The thoughts that fundamentally shaped our worldview and investment strategy in the last quarter could be summarised with the following: ‘We believe that the high pricing and market operators’ optimism for the future together with their ‘confidence’ against risks (volatility priced in options, in other words, the expectancy for a greater change in currency rates, has never been so low in 2017), along with the increasingly rigorous monetary policy is a dangerous combination. […] If the central banks’ net purchasing position significantly decreases globally (which could even disappear by 2019), it could prevent the global asset-price increase. However, it could also happen that the bond and share prices will drop together.’
March was defined by a nervous, fluctuating capital market trade during which more and more asset classes and share markets (at both country and sector levels) started to perform worse. Bad news arose too. Trump has begun to realize his election manifesto, which increases the chance for a global trade war and a tenser USA-China conflict. Meanwhile, the global economy is slowing down and numerous macroeconomic indicators became weaker than expected. The costs of obtaining dollar (interbank rates), as the ‘world currency’, have been steadily increasing. The results of the elections in Italy – the extremist parties gaining ground – is the worst possible outcome for investors favouring stability. However, the fact that the dollar is the world’s worst performing currency of the year – despite its increasing interest advantage – somewhat aided the markets. Therefore, in the first quarter of the year, share and bond markets performed poorly – essentially, none of them was profitable. Moreover, the majority of shares, the developed market bonds and the Hungarian sovereign debt market too closed the first three months with a loss.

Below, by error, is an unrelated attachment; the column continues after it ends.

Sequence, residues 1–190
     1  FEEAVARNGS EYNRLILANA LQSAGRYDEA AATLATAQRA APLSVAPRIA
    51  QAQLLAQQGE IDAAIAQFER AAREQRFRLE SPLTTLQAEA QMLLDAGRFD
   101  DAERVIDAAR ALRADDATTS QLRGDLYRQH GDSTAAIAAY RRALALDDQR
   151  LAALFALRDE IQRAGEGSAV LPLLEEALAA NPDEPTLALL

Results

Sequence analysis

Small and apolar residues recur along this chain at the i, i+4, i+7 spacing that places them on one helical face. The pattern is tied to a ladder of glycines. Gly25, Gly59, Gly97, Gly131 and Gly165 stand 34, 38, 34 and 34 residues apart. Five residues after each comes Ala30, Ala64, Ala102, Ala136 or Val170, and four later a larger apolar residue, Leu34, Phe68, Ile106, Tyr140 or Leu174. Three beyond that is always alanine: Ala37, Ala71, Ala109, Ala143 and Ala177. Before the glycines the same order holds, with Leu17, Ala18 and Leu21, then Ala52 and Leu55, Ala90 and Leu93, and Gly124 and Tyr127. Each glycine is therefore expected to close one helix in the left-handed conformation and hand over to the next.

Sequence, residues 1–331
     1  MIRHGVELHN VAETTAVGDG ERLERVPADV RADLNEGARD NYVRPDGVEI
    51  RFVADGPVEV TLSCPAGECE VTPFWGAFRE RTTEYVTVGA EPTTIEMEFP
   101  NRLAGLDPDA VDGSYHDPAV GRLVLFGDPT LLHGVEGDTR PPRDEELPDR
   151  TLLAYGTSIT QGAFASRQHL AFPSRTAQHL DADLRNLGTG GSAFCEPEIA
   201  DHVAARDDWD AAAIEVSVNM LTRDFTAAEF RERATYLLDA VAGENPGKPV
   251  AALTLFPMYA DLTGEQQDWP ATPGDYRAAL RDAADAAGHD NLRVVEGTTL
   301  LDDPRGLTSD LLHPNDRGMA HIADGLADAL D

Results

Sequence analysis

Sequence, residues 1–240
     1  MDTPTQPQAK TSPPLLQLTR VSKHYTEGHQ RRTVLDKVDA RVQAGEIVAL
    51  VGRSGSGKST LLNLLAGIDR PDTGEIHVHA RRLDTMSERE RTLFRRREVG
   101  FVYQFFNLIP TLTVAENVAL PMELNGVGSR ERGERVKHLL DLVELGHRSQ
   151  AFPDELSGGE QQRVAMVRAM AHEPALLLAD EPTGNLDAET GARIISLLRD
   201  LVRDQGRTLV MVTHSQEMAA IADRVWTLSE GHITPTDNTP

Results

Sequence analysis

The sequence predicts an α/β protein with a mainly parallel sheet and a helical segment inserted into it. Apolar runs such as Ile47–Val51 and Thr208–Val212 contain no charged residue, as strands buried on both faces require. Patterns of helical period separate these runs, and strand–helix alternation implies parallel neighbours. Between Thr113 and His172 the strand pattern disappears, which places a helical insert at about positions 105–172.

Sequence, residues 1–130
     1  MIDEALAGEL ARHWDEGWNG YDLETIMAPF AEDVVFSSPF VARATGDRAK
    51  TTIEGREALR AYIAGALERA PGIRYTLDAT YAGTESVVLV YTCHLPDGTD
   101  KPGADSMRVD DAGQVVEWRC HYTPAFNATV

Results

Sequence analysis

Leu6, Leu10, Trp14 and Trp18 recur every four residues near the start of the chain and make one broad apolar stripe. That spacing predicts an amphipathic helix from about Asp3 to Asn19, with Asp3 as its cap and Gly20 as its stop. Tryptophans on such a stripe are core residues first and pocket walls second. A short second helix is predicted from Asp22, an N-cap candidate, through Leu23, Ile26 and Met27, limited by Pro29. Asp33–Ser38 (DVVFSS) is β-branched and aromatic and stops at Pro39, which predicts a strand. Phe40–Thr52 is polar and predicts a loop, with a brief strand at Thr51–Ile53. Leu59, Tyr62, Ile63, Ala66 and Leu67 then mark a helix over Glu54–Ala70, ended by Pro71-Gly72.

However, despite the falling share markets of the first quarter, shares have not become any cheaper. One of the most important factors that have an impact on the market this year is that central banks – even if slowly but certainly – are implementing more rigorous monetary policies. After the crisis, central bank interventions did not have a positive impact on the real economy but on the asset prices, so we expect that this process will be true but in reverse: if central banks are tightening, it will be bad for asset prices. Meanwhile, the Chinese risks did not disappear, the global economy is slowing down, there is a chance for an escalating trade war, and in numerous regions, the profitability of companies is threatened by the tight labour market. Mainly in the United States, where Fed (partially due to the relaxed budgetary policy) raises interest rates and is the net seller in the bond market. The price of the world currency, the dollar, is high. None of these is ideal for risky assets. It is better to remain cautious.
Original date of Hungarian publication: 20 April 2018